Erdogan’s and his closest associates’ opinions not only rule politics, but they also go into effect as laws once they are spoken. So whatever laws AKP elites do not like, they can change them, and they have done so.

A political scientist working at a public university in Ankara, speaking on condition of anonymity, told Al-Monitor, “What they advocate cannot be turned into law, because then the law would not have any value for others. For example, if mukhtars are given exclusionary discretion to declare an abandoned building to be demolished, then how could private property ever be protected? Or if cops are given the legal discretion to break the legs of drug dealers, how could proper prosecution work? What if those people are not drug dealers after all?”

And there is another caveat: There are an overwhelming number of new laws, bylaws, revised laws and regulations on almost all areas of public policy since the transition to the presidential system, and it is becoming unmanageable. 

A senior bureaucrat involved in planning at the Ministry of Interior told Al-Monitor, “Erdogan was loved because he was a go-getter; he would find smooth and swift solutions to everyday problems. Sometimes if he cut a few corners, people did not mind. Today, it seems the AKP generated a system that makes life rather stressful. Administrators, bureaucrats, any government office really does not want to do the simplest procedures without authorization from the top. These types of endorsements from the AKP’s top echelons are signals to the rest of us that we are safe and will not be prosecuted because there is increasing concern that top guys will run abroad and the middlemen will end up in jail.”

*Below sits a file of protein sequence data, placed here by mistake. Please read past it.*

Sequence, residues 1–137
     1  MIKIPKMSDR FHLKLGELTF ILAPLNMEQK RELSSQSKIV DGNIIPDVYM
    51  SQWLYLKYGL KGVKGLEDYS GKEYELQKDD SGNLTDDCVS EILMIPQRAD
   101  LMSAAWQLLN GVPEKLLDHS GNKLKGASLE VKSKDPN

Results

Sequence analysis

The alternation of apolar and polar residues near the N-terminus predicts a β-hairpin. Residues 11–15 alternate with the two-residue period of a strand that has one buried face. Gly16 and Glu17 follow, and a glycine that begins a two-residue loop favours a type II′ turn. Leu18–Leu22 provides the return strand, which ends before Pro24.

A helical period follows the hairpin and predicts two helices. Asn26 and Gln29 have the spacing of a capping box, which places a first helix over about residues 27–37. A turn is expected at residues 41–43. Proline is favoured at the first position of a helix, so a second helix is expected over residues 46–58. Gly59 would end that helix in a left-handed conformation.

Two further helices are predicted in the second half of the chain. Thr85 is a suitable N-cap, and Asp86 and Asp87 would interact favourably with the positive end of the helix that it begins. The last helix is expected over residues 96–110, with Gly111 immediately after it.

As talk about the post-Erdogan era intensifies, the opposition has been warning bureaucrats not to disrespect the laws under pressure from the AKP, as they could be prosecuted later on. This rattled already nervous bureaucracy and intensified the gridlock in Ankara. Simultaneously, there is also talk from opposition members that they will not engage in revenge-seeking policies once they assume power. 

More from Pinar Tremblay